Social Media Overload
They say that happiness is when expectation meets reality. Of the two, one is flexible and one is not. Therefore, finding the joy in family life is about setting realistic expectations. it is not about being perfect.
But in the age of modern media, managing our expectations is more difficult than ever. We are constantly overwhelmed with images of “perfect” parents. These aren’t just celebrities or paid models. We’re looking at real people on social media– everyday strangers or even our own friends. These individuals appear to be living the dream of a perfect family life. You see them in pictures, sipping homemade lemonade, frolicking in breezy fields of wildflowers, or celebrating the recent team victory.
Scrolling through all these images of picture-perfect family moments can make us feel insecure about our own parenting, or to feel disappointed that we are lacking this elusive “bliss factor” of family life. Even worse, unrealistic expectations can lead us to push ourselves and our family members to the brink of insanity trying to do and be everything perfectly. In fact, many of us (including the folks you’re admiring on the screen) are unknowingly living in perpetual competition with others and with ourselves, making the real joy of parenting ever more difficult to find.
Comparing Your Behind the Scenes to Others’ Highlights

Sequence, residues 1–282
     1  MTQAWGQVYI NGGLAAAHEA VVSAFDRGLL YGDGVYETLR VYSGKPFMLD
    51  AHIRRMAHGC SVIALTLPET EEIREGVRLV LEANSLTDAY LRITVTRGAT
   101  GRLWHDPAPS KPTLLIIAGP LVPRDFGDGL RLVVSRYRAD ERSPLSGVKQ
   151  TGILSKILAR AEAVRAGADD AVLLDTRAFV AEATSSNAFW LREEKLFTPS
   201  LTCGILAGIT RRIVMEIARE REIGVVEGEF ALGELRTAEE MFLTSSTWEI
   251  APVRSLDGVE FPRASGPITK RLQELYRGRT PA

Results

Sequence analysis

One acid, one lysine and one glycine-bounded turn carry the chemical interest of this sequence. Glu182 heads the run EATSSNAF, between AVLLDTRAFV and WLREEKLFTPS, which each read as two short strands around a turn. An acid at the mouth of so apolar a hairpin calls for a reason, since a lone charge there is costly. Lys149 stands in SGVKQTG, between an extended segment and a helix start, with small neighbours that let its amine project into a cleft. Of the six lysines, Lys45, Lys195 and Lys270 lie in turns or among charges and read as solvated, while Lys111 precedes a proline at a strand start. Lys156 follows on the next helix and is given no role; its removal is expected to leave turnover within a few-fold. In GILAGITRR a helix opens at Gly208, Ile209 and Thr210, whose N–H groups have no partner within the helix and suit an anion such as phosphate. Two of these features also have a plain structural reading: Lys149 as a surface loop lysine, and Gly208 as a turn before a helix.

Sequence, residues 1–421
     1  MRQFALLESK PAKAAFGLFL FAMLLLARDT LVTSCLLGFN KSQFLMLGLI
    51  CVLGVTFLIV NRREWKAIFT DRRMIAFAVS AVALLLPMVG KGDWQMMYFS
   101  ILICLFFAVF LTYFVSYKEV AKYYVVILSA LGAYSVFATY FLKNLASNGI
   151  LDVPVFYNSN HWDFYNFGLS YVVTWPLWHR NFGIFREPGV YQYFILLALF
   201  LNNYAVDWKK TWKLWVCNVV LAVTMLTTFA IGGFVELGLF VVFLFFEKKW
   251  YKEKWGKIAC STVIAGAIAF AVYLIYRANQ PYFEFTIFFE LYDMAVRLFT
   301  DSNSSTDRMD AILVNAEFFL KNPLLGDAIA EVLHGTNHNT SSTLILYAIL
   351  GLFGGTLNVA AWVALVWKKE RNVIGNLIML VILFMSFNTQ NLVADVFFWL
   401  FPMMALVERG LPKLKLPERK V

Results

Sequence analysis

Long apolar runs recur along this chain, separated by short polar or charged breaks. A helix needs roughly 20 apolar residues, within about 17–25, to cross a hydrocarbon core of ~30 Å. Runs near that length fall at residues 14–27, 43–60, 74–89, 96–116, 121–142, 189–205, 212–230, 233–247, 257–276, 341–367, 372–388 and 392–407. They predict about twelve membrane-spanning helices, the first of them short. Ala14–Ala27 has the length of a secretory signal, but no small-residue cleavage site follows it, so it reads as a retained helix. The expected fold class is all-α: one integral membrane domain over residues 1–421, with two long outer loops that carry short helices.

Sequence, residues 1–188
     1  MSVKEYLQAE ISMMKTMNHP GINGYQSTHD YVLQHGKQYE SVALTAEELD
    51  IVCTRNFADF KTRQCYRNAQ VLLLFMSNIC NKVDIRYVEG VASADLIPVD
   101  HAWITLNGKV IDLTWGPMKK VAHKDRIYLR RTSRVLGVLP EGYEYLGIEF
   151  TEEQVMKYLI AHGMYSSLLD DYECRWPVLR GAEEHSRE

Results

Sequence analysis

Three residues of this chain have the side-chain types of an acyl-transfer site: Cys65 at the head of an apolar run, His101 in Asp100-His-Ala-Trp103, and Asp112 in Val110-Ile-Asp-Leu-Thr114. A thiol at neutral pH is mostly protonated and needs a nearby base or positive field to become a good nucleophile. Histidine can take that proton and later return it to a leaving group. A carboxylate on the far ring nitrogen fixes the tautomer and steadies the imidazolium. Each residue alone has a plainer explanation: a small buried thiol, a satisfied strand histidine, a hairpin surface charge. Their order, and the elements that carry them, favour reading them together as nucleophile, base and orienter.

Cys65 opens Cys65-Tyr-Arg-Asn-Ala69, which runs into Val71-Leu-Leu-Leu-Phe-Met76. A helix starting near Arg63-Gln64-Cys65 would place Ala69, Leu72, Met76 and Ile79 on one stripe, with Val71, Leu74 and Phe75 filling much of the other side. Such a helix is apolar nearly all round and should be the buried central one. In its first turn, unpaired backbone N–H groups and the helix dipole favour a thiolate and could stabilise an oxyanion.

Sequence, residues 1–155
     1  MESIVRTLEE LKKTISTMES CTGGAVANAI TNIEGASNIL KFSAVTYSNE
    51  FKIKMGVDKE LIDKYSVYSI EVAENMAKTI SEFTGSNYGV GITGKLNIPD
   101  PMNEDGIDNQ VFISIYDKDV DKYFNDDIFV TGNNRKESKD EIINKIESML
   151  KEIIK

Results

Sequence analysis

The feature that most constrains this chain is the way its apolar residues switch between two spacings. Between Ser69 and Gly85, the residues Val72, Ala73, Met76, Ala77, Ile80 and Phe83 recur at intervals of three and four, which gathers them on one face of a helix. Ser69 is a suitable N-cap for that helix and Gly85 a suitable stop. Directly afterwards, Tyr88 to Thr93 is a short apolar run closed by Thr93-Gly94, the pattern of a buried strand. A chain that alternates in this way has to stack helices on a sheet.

Social media plays a huge role in how we perceive others and ourselves. Because real people are depicted in everyday situations, we believe that we are glimpsing the reality of others’ lives. But much like “reality” television, there is a certain “script” and purpose that lies beneath that representation of reality, and there is a frame used to include only the best moments and to leave the rest out of sight.
Even parents who post some less-than-glamorous moments of family life (like when the baby got hold of a marker and drew all over her face), they do so to cultivate an image of their family as being quirky, down-to-earth, or otherwise perfectly imperfect. There is always a frame in which people have chosen to display some moments, and exclude others.
Give Yourself a Break
So do yourself a favor today. Begin to understand the ideal of the perfect parent for what it is: a myth. Give yourself a pat on the back because you’re doing great. Your family is beautiful and strange and doing just fine. Don’t compare yourself to others or hold yourself, your spouse, or your kids to some impossibly high standard. Beneath the facade of perfection lies exactly what you’re looking for: the real joy of parenting.